WASHINGTON - The improving economy is swinging the pendulum in President Barack Obama's favor in the 14 states where the presidential election will likely be decided.
Recent polls have shown Obama gaining an edge over his likely Republican challenger, Mitt Romney, in several so-called swing states - those that are considered up for grabs.
What's made the difference is that unemployment has dropped more sharply in several swing states than in the nation as a whole. A resurgence in manufacturing is helping the economy - and Obama's chances - in the industrial Midwestern states of Ohio and Michigan.
In this April 18 photo, President Barack Obama speaks at Lorain County Community College in Elyria, Ohio. The improving economy is swinging the pendulum in Obama's favor in the 14 states where the presidential election will likely be decided. Polls have shown Obama gaining an edge over his likely Republican challenger, Mitt Romney, in several so-called swing states, those that are considered up for grabs. What’s made the difference is that unemployment has dropped more sharply in several swing states than in the nation as a whole. A resurgence in manufacturing is helping the economy, and Obama’s chances, in the industrial Midwestern states of Ohio and Michigan.
And Arizona, Nevada and Florida, where unemployment remains high, are getting some relief from an uptick in tourism.
"The biggest reason for the president's improving prospects probably is the economy," says Peter Brown, assistant director of the Quinnipiac University Polling Institute.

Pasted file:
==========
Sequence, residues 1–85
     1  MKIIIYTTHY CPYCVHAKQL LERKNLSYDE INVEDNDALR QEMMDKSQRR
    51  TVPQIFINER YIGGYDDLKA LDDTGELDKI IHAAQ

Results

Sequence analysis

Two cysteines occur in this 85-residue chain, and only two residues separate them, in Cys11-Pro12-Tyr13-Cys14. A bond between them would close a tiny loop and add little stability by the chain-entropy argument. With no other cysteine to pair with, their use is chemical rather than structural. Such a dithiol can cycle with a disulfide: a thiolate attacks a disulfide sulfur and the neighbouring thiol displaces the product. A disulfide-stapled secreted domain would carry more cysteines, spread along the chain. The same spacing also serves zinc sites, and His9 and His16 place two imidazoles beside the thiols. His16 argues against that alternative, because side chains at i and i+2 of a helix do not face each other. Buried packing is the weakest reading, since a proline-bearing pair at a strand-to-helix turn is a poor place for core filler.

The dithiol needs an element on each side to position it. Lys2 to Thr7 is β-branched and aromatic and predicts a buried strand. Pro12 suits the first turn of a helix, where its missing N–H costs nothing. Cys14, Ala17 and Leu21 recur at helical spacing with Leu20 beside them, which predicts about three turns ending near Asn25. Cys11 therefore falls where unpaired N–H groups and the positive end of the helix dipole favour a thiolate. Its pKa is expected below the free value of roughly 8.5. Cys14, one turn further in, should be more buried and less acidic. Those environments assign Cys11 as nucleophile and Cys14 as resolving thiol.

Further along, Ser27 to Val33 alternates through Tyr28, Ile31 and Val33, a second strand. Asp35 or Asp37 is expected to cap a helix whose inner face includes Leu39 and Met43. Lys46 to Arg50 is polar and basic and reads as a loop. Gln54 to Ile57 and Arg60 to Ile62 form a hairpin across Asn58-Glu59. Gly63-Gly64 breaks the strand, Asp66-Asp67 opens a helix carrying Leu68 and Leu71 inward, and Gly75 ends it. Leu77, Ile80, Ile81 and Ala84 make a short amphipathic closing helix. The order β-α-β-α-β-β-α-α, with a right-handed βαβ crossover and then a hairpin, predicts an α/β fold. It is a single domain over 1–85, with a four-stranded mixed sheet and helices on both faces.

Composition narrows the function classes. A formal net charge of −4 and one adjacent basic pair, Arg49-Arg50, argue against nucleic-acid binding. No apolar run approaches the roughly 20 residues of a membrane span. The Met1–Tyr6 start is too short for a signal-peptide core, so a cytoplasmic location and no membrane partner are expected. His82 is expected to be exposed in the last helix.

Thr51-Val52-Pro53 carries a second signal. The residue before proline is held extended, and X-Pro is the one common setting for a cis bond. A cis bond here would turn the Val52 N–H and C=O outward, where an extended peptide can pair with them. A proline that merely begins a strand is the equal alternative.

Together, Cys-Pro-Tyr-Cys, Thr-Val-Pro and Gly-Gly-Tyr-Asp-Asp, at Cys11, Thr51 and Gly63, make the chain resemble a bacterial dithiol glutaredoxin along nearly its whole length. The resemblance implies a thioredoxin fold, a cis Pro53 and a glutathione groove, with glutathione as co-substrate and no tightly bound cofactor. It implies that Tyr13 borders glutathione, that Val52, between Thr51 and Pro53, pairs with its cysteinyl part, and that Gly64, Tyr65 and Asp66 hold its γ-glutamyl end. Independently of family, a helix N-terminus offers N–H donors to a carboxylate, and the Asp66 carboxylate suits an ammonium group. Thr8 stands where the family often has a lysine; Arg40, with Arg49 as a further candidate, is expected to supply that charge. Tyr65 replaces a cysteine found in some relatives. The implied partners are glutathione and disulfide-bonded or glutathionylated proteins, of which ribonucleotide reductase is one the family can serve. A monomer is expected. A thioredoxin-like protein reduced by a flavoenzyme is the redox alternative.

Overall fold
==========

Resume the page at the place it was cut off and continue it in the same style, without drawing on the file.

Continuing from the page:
The Great Recession of 2007-2009 hit several swing states particularly hard. Unemployment peaked at 14.2 percent in Michigan, where the auto industry faced ruin. It also hit double digits in Arizona, Nevada and Florida, which were at the center of the housing bust, and in North Carolina, which lost jobs in textile and furniture plants.
In 2010, the economic misery helped Republicans retake control of the House and gain seats in the Senate. But the GOP can't count on a repeat when voters return to the polls - with much more at stake - on Nov. 6.
After an agonizingly slow recovery, several swing-state economies are finally accelerating:
- The job market is improving in Michigan and Ohio. In Michigan, unemployment fell to 8.5 percent in March from 10.5 percent in March 2011. And in Ohio, it dropped to 7.5 percent from 8.8 percent over the same period, putting it well below the national average of 8.2 percent. A Fox News poll released Friday showed Obama leading Romney 45 percent to 39 percent among registered voters in Ohio.
Many blue-collar workers in Ohio and Michigan credit the federal bailout of General Motors and Chrysler for saving tens of thousands of auto industry jobs, says Paul Allen Beck, a political science professor at Ohio State University. The bailout began under President George W. Bush, but Obama expanded it. "There's a feeling the administration went out of its way to protect jobs that are very important," Beck said.
- In Florida, unemployment tumbled to 9 percent in March from 10.7 percent a year earlier. That was more than twice the nationwide drop of 0.7 percentage point (from 8.9 percent to 8.2 percent) over the same period. A rise in tourism is helping. "People who put off vacations or a trip to Disney World for two or three years got to the point where they feel safe in terms of financial security to finally take those trips," says Sean Snaith, director of the University of Central Florida's Institute for Economic Competitiveness.
- Even Nevada, a focal point of the real estate collapse, has seen some improvement: Unemployment dropped to 12 percent in March from 13.6 percent a year earlier.